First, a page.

One of the best parts of bicycling is the ability to be simultaneously close to the road and seemingly close to the sky.
Riding in a car lulls the senses to sleep: the air conditioned comfort, the smooth talking DJ, the plush heated seats. Cars are like Barcaloungers on wheels. Or like the cushy seating at that movie theater in Sun Prairie.
Bicycling affords no such comforts, even with those supple seats.
The most grueling of bicycling races is the Tour de France. The course traverses more than two thousand miles over 23 days and ends in downtown Paris. This year, nearly 200 riders on 22 teams raced over mountains and through city streets.
Last week, Chris Froome won his third title at the Tour de France. Froome is part of the British club, Team Sky. The team has won four of the last five Tours.
For those unfamiliar with professional bicycling: Team Sky is sort of like the Yankees of this sport. It has a huge budget. But It also uses vast amounts of data to be efficient.
Part of Team Sky’s victories lie in its ability to back up its leader. On a slippery downhill portion of the race, one teammate even gave up his bicycle to Froome after he smashed his own.
Broken bones are a workplace hazard.
And then there are all the unmentioned contributions that go along with being on a race team such as ferrying water bottles up through the pack, twice a day.
Froome has excellent teammates, and knows it. He said: “If I was riding for a small team it would be very different.” There is no I in Team Sky.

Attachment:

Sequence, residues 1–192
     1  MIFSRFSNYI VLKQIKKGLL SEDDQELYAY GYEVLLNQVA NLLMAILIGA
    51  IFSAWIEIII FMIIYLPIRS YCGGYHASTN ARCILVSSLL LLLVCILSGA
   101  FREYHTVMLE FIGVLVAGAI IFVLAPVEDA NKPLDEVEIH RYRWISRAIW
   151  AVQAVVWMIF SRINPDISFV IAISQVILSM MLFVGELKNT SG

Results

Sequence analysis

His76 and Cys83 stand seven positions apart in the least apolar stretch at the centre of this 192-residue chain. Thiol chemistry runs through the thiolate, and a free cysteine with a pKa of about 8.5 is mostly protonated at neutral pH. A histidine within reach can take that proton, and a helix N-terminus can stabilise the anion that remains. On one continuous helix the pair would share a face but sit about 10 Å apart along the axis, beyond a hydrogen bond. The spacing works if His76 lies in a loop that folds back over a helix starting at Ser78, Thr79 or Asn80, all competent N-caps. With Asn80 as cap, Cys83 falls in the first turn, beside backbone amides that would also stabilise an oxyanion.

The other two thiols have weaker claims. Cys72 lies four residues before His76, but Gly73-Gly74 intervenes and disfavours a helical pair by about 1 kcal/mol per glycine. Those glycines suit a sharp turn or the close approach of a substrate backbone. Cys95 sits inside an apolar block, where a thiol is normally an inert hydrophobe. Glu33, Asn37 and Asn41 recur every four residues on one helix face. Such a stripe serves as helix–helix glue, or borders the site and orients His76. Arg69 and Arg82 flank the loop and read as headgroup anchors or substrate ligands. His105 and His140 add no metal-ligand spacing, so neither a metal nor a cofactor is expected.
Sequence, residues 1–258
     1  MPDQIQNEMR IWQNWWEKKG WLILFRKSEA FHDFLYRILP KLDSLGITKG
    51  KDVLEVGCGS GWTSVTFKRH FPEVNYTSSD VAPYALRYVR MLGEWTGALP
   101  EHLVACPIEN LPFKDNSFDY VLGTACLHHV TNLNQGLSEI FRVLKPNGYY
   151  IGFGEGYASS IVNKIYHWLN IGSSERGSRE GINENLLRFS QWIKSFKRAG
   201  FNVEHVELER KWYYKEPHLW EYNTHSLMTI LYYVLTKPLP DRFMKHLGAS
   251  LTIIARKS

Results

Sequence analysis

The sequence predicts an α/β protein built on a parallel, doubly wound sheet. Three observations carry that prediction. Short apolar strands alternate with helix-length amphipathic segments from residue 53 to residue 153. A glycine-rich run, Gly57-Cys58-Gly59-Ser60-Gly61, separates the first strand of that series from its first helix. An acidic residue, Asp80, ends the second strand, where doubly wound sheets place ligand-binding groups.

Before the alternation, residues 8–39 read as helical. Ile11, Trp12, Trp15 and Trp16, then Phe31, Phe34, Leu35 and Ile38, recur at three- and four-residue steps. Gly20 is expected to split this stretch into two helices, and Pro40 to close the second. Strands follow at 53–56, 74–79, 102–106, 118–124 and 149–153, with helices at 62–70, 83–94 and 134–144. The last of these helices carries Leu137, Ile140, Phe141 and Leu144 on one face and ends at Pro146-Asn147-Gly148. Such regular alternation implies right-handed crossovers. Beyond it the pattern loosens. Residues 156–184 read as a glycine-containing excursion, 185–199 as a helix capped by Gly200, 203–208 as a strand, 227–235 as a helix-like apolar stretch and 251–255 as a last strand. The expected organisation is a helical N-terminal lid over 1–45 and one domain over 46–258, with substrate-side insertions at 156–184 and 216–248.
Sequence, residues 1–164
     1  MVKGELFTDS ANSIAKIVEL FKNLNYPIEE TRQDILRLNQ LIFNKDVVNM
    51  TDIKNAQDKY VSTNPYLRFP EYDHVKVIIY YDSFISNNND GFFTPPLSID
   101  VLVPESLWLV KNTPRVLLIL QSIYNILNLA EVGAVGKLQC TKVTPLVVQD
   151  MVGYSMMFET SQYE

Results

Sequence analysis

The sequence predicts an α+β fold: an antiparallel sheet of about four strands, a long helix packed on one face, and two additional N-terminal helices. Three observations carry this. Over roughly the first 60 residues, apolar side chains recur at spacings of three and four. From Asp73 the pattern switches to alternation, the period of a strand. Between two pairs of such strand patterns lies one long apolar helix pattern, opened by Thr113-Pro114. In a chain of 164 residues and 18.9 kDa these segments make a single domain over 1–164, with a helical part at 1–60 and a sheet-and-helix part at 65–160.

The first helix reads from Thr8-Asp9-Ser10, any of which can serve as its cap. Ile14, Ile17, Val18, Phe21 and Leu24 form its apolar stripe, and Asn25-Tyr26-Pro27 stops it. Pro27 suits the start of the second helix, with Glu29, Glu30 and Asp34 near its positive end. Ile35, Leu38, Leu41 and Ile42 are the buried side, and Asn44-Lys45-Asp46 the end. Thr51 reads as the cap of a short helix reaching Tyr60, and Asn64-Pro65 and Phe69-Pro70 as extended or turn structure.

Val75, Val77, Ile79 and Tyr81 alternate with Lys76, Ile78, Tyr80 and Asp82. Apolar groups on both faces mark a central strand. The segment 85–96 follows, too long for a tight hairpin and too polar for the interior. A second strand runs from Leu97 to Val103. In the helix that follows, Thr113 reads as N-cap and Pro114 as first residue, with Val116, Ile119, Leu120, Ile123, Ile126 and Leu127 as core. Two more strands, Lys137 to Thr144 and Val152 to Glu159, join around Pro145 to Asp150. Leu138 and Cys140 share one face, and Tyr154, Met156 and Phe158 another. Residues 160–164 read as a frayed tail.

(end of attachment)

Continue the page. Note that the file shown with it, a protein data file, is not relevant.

It was a great team effort, and Chris Froome gave an incredible individual effort, too. He ran up mountains, sprinted hard and moved with the flow of the earth.
The Tour has 21 stages and during Stage 12 part of the swarm of bicyclists got into a horrific crash. One bicyclist slammed into a motorcycle loaded with media transmission equipment. He and a few other cyclists, including Froome, tumbled onto the road.
Froome was OK but he was left with a broken bike after a large police motorcycle ran over it.
In the ensuing confusion, Froome began to run up the mountain until he could get a proper replacement bike from the support vehicle.
It was a pivotal time for the Tour de France. There have been three major terrorist attacks in France over the past 19 months.
And despite the threat of violence, the Tour de France is one of few sports where fans can still get close to the action.
How close? Close enough to get smacked in the face. Chris Froome punched a spectator who was a bit overzealous. In a split second, Froome had to choose between crashing or pushing a fan out of the way. He chose not to crash.
There’s something medieval about the Tour de France–the elaborate costumes, the division of labor within these teams, the preening masculinity, the “crowning” of kings.
Yet there is something unmistakably modern about racing too. Within the last ten years, professional bike racing has gone through a huge technological change.
Thanks to the ever-shrinking size of digital technology, cyclists generate huge amounts of data. Handle-bar mounted computers can record so much more than speed and distance. Nearly everything can be monitored: heart-rate, pedaling rate and the ever so seductive sounding “power output.”
Technology moves so fast that now race officials must be on the lookout for tiny motors fitted into the lightweight carbon-fiber bikes. Mechanical doping may replace biological doping.
It’s crazy watching the Tour de France on TV. Motorcycles, cameras, and the bikes crowd the roads. In all likelihood, the terrible crash during Stage 12 was caused by a motorcycle used to stream media.
And this is the weirdest part of Tour de France:
In our ever visual culture, the thing that saves it–the up close cameras–may be the thing that crashes it.
For WORT News, this is Elizabeth DiNovella